Best way to end scenes?
I've fallen prey to the hundreds of writing books out there. So naturally, I have read some contradicting information and was wondering if you could help me out. My current WIP has scenes ending sometimes when a big reveal is about to happen (a hook/disaster) and others when the location changes. I've read once that scenes take place in one single location, meaning the next scene should be a new location. But I've also read that scenes should all end in disaster or dilemma. Even the Sequel/reaction scenes I've read should go reaction, dilemma, decision and some say to leave off the decision till the next scene and just leave them with a dilemma. So my question is how to end my scenes? Can I have two side by side scenes with different GCD even though they take place right after each other/same location?
Example: Character A sees some alarming scene but then finds a secret compartment. I ended with her reaching into the secret compartment (hook)
Scene 2 is her going through the compartment and it ends with getting chased by someone (another disaster)
But should these two scenes be tied since they are right after each other in the same location? And what about scenes that end with something being resolved? How can I possibly leave every scene on a disaster/dilemma? Help! Thanks!Answer:
First, the definition of "scene" as a piece of action that takes place in continuous time at a specific place is a very old definition taken from drama. In most classic plays, each scene presented one event (change) and you would switch locations for the next event.
Over the centuries, writers have realized that there are many exceptions to that concept. For example, you can have a play in which all the events from start to finish take place at one location (one set). You can also have a film sequence in which one event involves action that is occurring in several different locations at the same time.
I find that it is much better to think in terms of events rather than scenes. An event is an irreversible and meaningful change that gives characters new purposes or sends them off in a new direction. An event can be either an action or a decision.
It is often true that one scene will be about one event. (That's a very neat way to write it.) However, events
can happen one after the other at a particular place and time. So one scene can contain many events. Also, one event can involve action in several different places. An event can also be divided into a sequence of smaller events that take place at different times or locations.
The way you tell where one event ends and the next begins is that the resolution of each event will be a change. Someone acquires a new purpose, makes a new decision, or acquires a new problem.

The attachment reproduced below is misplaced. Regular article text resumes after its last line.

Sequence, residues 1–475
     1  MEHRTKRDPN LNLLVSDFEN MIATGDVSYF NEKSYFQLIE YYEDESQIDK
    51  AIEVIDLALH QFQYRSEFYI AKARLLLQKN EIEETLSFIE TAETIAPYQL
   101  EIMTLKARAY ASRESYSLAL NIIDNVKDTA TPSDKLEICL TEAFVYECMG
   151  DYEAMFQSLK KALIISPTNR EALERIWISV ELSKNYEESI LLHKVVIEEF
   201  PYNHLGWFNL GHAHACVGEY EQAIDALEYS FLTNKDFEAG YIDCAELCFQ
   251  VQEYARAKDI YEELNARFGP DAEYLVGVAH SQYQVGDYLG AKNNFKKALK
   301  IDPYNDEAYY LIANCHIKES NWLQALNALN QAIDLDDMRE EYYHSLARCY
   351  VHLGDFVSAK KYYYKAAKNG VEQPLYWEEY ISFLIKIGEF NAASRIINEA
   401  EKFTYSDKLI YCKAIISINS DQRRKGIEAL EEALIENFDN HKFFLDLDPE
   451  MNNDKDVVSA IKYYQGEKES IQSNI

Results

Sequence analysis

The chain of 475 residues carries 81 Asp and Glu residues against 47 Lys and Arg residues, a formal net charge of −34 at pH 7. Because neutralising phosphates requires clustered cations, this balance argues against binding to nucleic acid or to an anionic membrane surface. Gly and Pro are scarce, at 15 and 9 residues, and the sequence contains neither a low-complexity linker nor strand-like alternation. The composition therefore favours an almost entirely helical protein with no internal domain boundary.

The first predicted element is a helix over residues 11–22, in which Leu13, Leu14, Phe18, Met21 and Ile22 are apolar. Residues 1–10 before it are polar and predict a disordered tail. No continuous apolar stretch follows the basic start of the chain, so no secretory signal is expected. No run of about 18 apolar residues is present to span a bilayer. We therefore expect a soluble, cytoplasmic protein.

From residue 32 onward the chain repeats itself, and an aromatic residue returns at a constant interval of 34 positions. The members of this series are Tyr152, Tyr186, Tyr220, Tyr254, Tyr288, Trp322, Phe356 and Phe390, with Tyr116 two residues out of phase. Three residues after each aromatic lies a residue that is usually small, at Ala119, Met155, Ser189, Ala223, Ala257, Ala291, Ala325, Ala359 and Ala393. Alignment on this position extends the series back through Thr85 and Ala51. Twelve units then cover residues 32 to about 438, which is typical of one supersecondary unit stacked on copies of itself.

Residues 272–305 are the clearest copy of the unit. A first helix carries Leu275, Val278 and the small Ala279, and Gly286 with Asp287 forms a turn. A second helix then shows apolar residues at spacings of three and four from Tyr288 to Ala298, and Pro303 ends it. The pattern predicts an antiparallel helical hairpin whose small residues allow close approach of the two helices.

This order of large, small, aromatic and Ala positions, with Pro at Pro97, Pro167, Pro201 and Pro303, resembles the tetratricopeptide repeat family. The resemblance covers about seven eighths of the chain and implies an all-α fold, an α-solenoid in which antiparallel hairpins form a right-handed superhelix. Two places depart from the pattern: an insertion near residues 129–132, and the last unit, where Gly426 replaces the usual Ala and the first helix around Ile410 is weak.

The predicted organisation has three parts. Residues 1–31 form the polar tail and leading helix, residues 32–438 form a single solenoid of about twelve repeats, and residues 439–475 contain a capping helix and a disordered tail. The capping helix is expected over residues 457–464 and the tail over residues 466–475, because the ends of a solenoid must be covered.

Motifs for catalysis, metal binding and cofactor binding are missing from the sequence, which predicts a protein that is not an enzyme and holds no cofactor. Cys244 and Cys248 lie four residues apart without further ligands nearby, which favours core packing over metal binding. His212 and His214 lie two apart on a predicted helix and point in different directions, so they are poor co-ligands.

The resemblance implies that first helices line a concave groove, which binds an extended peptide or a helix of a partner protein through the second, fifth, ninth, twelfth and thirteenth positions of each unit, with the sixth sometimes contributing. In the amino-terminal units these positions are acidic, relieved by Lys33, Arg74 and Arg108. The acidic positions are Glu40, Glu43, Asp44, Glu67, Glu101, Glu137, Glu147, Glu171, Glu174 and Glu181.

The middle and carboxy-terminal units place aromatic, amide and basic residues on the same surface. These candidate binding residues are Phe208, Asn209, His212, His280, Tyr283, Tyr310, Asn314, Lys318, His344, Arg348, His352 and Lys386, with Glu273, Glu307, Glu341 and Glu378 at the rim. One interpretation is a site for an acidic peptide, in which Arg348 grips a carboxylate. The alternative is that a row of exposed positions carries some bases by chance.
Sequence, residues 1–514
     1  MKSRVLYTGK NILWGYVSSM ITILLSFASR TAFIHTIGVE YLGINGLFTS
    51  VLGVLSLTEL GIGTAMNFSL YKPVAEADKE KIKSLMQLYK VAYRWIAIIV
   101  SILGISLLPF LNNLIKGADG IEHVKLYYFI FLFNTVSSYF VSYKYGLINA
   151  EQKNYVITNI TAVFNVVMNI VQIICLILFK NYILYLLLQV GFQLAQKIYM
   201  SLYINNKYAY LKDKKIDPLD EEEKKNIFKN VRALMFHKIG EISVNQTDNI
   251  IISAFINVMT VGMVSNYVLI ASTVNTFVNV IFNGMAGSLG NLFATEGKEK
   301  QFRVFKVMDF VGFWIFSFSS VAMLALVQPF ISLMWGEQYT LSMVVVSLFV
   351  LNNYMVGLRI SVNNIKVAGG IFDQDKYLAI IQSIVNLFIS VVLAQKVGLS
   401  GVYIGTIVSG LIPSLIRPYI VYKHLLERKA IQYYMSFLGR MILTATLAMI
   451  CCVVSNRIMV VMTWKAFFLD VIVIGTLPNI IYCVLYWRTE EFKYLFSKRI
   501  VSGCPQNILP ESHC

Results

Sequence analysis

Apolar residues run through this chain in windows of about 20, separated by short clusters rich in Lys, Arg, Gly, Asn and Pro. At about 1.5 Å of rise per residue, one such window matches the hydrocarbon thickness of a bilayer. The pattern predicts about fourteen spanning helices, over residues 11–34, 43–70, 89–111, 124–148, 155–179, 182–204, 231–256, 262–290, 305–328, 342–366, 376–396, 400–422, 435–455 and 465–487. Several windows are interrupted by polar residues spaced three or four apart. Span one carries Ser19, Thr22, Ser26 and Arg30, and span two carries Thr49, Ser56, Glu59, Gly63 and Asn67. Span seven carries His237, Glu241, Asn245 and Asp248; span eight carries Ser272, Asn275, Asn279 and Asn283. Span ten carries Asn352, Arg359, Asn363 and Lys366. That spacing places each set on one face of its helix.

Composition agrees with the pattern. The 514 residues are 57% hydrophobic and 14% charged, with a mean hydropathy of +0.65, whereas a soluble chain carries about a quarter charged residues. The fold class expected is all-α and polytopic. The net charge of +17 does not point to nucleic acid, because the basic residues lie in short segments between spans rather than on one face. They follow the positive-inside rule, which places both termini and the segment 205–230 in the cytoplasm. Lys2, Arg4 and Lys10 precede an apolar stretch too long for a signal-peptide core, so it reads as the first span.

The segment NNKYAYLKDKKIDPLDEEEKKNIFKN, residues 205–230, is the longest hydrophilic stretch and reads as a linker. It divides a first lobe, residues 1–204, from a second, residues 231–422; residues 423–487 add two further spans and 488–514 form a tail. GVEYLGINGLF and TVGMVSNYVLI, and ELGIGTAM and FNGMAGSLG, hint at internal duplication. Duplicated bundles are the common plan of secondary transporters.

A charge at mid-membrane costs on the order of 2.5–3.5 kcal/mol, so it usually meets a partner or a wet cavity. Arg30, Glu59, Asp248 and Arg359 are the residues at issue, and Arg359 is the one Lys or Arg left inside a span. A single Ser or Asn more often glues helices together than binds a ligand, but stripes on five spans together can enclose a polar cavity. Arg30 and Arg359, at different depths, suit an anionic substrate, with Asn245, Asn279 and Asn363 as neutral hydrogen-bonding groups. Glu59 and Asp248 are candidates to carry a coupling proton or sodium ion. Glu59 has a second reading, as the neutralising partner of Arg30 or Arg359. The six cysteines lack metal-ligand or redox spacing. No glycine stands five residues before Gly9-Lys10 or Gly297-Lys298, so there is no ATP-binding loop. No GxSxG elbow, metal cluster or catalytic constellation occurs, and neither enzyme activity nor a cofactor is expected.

It's often quite helpful to think of each major event in your story as a four-part sequence consisting of ...
Setup --> Complication --> Crisis --> Resolution.
That's the basic dramatic arc that applies to not just events but also your overall plot, subplots, or even trilogies. A novel is one big event, one change, that is composed of a series of smaller events (acts), composed of still smaller events (scenes/chapters), etc.
Now, for your question about where to end a scene...
Think about how each event will be resolved. Most events in your story will resolve themselves with the character(s) taking on a new purpose. That's what propels the story forward. The reader wants to see what happens when they follow through on that purpose. Only the last event of a plotline will resolve the entire sequence of action by bringing the overall purposes to a peaceful end.
So a logical place to end a chapter or a scene is just when an event is resolved and the characters have taken on a new purpose. The reader is looking forward to seeing what will happen next, and so is more willing to read "just one more chapter."
In the example you give, you might ask yourself what the big event or change is. Is it the character moving from being a bystander to a potential victim?
If so, you can make it a sequence such as (and this is just an example; I don't know your story)...
Setup: Heroine witnesses a crime.
Complication: Villain sees her and realizes she witnessed his misdeeds.
Crisis: She attempts to escape with him in pursuit.
Resolution: He catches her. (Now her new purpose is to escape, protect her own life, or possibly stall him until help arrives.)
If you ended the scene/chapter there, the reader would be compelled to keep reading to find out what happens next to the heroine.
Hope that helps.